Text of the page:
The many layers of security
Like delicious cakes, or gearing up for cold weather, its all about layers. Each layer adds its own benefit for the user to enjoy, keeping the core (you) happy and safe. It goes the same for cybersecurity. However choosing which layers will keep you the most satisfied is always tricky, and in the world of cybersecurity often these different layers work as silos, non-related to one another. While we have these tools in place, ultimately breaches continue to happen and organizations are at high risk instead of having high resilience. This brings us to our topic of today of solving for root cause. How do we stop the attacks before they spread at the operating system (OS) level? How about we stop the ones that do get past all our security layers and reach the OS level? Security hardening for the operating system is not something new, but agentless OS-Level remediation is.
What is OS-Level Remediation
OS-Level Remediation refers to the process of identifying and mitigating vulnerabilities and security weaknesses at the OS-level of our IT infrastructure. It involves:
- Vulnerability Scanning: Regularly scanning all operating systems for known vulnerabilities, misconfigurations, and weaknesses that could be exploited by cyber threats.
- Patch Management: Swiftly applying security patches and updates provided by OS vendors to address identified vulnerabilities. This is essential to prevent attackers from exploiting known weaknesses.
- Configuration Management: Ensuring that the OS configurations adhere to security best practices and compliance requirements. Misconfigured systems can provide easy access to attackers.
- Hardening: Implementing security hardening measures to reduce the attack surface and make it more challenging for malicious actors to compromise the OS.
This has a huge significance for any organizations risk management strategy if they want to reduce the likelihood of security breaches and data leaks. Let’s take a look at some critical vulnerabilities affecting the operating system and how we can mitigate them at the OS-Level.
High impact vulnerabilities that can be stopped at the OS-Level
Follina Vulnerability (CVE-2022-30190)
The Follina vulnerability involves the exploitation of the MSDT (Microsoft Support Diagnostic Tool) protocol within Microsoft Office documents. Threat actors exploit this vulnerability through phishing campaigns, tricking users into opening malicious Office documents that contain a web link to an attacker-controlled online resource. The Office application automatically fetches the embedded link, invoking the MSDT protocol. This specially crafted link can then force the execution of attacker-supplied PowerShell commands without requiring additional user interaction.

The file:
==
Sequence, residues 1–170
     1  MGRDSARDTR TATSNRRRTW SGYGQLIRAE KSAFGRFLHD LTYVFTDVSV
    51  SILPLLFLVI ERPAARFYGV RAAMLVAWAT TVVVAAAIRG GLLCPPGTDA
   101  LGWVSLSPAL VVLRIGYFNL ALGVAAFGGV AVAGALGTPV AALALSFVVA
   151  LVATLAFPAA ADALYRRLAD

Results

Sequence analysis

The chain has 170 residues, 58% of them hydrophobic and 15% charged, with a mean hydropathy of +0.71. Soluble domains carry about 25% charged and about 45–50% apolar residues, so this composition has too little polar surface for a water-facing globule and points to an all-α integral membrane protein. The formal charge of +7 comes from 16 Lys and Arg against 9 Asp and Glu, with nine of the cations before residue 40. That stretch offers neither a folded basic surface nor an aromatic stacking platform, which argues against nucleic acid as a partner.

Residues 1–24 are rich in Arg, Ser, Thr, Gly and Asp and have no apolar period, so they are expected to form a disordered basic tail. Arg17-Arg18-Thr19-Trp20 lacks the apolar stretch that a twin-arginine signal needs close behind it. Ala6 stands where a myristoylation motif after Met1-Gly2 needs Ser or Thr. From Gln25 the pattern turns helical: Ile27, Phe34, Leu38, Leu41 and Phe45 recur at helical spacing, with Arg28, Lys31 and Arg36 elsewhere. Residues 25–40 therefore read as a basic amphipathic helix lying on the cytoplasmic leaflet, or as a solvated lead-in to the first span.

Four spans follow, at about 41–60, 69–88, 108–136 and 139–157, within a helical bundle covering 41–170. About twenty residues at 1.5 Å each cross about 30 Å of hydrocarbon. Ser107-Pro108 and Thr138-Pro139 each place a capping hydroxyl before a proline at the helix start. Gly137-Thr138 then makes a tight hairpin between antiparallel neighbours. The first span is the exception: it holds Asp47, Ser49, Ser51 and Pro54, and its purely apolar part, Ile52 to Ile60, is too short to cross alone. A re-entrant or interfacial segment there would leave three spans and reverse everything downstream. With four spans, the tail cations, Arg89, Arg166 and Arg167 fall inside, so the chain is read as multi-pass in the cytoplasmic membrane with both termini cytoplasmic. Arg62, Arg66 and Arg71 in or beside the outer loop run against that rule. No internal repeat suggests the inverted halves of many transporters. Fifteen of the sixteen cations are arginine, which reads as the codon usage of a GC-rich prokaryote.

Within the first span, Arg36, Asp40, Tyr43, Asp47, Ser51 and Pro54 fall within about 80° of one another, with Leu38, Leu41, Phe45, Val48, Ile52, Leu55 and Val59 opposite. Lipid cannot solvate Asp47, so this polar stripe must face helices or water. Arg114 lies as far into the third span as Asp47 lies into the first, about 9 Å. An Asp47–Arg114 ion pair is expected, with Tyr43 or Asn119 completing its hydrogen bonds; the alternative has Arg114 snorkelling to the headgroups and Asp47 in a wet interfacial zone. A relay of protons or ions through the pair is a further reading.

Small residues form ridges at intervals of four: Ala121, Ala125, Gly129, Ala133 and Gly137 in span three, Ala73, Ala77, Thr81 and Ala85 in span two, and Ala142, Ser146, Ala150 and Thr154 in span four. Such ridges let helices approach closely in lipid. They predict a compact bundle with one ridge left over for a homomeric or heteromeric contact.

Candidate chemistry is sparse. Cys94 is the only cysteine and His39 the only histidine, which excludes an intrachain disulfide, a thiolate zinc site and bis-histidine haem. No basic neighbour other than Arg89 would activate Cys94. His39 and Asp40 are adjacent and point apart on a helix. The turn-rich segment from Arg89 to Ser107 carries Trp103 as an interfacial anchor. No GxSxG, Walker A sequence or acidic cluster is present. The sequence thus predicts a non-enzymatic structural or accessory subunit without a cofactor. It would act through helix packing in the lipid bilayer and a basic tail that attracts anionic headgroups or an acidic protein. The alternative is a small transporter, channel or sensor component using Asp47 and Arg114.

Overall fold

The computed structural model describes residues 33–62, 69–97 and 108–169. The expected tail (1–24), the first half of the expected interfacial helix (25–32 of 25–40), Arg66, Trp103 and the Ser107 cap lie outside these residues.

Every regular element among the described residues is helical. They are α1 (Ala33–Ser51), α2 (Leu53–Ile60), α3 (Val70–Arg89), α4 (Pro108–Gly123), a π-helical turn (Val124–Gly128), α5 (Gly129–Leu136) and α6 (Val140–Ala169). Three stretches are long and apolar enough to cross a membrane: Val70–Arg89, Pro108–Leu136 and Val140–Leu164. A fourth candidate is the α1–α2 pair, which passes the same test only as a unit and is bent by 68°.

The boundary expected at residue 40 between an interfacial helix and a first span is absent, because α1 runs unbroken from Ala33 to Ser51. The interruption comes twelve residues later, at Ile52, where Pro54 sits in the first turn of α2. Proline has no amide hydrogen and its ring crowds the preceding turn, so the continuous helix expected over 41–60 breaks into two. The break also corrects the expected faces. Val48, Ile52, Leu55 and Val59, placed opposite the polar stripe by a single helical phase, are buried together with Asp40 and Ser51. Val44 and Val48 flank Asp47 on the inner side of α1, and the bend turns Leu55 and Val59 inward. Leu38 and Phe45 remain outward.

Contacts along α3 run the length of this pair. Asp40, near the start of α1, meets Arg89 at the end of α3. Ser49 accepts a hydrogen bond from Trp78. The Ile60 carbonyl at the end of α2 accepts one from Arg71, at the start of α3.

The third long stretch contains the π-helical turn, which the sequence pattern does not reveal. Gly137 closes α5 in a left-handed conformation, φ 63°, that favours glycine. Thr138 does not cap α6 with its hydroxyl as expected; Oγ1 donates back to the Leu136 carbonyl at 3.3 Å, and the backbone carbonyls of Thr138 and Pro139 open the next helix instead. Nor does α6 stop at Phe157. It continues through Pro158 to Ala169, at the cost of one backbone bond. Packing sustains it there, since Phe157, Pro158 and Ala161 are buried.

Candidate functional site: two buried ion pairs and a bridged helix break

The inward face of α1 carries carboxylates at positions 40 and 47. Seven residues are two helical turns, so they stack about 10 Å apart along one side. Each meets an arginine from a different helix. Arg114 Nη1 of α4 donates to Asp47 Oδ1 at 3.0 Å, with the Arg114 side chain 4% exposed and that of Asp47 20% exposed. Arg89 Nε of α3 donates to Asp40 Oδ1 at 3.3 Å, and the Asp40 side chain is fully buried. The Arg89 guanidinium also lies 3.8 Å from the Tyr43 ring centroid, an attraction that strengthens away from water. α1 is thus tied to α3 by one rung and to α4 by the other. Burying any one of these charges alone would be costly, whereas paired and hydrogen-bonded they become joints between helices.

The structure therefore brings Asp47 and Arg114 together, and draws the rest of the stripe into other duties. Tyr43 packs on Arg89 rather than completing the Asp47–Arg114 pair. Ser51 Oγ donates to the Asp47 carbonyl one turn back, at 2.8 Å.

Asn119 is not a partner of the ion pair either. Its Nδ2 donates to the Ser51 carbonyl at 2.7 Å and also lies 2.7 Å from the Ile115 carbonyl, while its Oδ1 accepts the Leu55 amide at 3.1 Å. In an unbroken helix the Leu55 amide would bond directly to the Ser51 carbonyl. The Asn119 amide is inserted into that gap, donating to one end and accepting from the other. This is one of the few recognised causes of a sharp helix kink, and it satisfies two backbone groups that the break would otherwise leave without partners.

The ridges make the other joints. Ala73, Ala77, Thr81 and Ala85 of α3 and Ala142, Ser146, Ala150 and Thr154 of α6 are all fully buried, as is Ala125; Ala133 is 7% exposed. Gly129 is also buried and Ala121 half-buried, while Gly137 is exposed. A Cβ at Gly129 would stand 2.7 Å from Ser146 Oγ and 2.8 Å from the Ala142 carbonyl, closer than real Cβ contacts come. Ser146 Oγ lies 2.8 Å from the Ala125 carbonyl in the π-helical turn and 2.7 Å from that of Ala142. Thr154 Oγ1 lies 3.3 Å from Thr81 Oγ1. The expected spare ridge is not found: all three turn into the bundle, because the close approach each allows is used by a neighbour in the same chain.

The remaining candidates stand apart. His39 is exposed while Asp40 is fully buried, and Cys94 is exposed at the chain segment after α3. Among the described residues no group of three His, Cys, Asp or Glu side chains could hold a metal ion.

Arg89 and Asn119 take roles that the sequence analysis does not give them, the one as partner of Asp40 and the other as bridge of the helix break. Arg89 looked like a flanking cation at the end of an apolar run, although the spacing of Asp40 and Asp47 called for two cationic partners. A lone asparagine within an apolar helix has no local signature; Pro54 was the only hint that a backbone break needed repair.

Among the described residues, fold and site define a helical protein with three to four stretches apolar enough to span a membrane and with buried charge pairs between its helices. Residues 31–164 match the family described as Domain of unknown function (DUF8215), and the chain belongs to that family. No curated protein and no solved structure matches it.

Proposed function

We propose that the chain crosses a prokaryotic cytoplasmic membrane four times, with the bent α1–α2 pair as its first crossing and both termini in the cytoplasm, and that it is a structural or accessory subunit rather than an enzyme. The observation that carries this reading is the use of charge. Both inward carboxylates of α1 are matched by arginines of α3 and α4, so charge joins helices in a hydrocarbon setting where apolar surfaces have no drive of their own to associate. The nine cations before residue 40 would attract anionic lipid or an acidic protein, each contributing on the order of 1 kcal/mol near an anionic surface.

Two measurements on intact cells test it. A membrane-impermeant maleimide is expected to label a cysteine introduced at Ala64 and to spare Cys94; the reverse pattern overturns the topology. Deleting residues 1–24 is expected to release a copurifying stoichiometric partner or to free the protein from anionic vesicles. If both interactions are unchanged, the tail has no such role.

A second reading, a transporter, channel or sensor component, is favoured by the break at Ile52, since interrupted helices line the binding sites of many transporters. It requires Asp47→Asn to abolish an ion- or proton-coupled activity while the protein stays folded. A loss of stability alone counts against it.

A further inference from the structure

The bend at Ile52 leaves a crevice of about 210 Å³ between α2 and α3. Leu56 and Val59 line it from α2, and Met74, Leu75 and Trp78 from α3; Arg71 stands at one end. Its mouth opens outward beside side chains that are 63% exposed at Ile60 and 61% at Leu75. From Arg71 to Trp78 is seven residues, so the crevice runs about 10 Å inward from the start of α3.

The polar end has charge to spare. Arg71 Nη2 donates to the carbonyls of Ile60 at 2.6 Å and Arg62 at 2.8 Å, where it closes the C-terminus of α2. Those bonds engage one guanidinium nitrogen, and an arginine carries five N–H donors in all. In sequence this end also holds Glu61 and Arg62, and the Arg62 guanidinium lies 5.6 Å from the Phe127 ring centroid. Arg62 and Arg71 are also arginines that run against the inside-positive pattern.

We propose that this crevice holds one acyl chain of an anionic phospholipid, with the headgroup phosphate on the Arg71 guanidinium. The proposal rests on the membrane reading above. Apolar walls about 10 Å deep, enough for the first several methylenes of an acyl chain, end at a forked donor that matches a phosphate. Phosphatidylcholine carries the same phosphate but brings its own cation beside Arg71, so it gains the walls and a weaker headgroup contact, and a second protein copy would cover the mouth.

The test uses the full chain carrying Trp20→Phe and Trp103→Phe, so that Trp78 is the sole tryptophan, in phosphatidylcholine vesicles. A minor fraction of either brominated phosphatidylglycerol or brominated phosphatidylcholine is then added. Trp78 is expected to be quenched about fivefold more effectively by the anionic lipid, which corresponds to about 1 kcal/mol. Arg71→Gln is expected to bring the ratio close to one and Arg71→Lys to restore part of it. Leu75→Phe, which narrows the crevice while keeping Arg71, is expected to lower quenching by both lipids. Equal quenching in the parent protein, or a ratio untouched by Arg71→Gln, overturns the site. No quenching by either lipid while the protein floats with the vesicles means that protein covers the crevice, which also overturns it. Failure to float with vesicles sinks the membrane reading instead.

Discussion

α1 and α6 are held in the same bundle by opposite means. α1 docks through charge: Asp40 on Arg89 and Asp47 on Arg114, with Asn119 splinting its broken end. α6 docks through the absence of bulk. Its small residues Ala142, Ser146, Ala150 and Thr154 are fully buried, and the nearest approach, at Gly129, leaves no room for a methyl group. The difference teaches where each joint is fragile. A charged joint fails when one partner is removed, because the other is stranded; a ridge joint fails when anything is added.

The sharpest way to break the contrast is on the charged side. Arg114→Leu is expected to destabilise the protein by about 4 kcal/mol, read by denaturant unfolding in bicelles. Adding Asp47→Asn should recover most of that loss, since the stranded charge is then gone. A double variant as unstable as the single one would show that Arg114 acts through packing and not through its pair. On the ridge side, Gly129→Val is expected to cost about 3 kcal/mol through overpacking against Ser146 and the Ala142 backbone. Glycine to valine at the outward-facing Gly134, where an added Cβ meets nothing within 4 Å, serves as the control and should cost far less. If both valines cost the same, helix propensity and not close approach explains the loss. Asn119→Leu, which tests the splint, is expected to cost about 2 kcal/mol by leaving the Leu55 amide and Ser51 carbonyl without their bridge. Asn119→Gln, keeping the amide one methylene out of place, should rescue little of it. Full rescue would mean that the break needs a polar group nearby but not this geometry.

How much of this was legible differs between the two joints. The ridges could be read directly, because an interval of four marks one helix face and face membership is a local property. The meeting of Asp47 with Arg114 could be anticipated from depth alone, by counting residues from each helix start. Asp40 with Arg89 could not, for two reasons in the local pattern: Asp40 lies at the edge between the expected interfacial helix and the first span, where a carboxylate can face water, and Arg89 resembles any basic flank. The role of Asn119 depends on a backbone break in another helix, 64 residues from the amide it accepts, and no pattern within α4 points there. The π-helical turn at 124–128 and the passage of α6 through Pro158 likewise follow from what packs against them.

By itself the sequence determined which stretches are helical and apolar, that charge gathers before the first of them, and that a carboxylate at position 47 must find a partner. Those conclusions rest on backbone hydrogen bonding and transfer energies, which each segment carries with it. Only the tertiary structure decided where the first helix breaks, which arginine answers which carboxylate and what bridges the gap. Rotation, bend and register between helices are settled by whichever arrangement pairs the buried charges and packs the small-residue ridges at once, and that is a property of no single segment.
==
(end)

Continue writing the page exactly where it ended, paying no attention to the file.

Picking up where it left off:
Exploits may occur when users open Microsoft Office documents, such as Word .docx files, received via email or other communication channels. In some cases, even without directly opening the file, malicious code could run via the Preview Tab in Windows Explorer, particularly if the file is in .rtf format. The malware payload is activated through the MSDT protocol.
Follina OS-Level Fix:
- Validating that all software, including Microsoft Office, are up-to-date with the latest security patches.
- Disable the MSDT protocol if not required.
- Implement robust email filtering and security solutions.
- Provide user education on recognizing phishing attempts.
- Employ endpoint security solutions to block malicious activities.
WinRM Vulnerability (CVE-2021-31166)
The WinRM vulnerability involves the misuse of the Windows Remote Management service and protocol for malicious purposes. Adversaries can abuse WinRM for lateral movement and remote code execution within an organization. They can use valid accounts to remotely execute commands on multiple systems across the network, allowing them to move laterally. Attackers can also use WinRM to remotely execute arbitrary code, modify the registry, and perform various actions on compromised systems.
WinRM OS-Level Fix:
- Disable basic authentication for WinRM and use stronger authentication methods.
- Implement network segmentation to limit system access via WinRM.
- Enforce strong password policies.
- Enable auditing and monitoring of WinRM activities.
- Configure firewall rules to control WinRM connections.
- Regularly update the operating system and WinRM software for security patches.
Like the examples presented above, most common vulnerabilities can be mitigated directly at the OS-Level, bypassing the many security layers we have in place. This ultimately allows you to leverage your current security tools and get the most out of your investments.
Agentless OS-Level Remediation with Veriti
In the quest to address root causes and fortify cybersecurity, Veriti’s agentless OS-Level Remediation meticulously identifies vulnerabilities deeply embedded within the operating system, covering everything from configuration settings to registry values. This comprehensive approach ensures no stone is left unturned, providing the thoroughness needed to safeguard modern organizations:
Agentless Operating System Remediation – Reduce overhead, improve scalability, enhance resiliency without deployment or maintenance of an agent
Seamless and Non-disruptive Remediation – Avoid the need extensive downloads, system restarts, or downtime
Coordinated Responses Across Teams – Provide multiple remediation options across different defense layers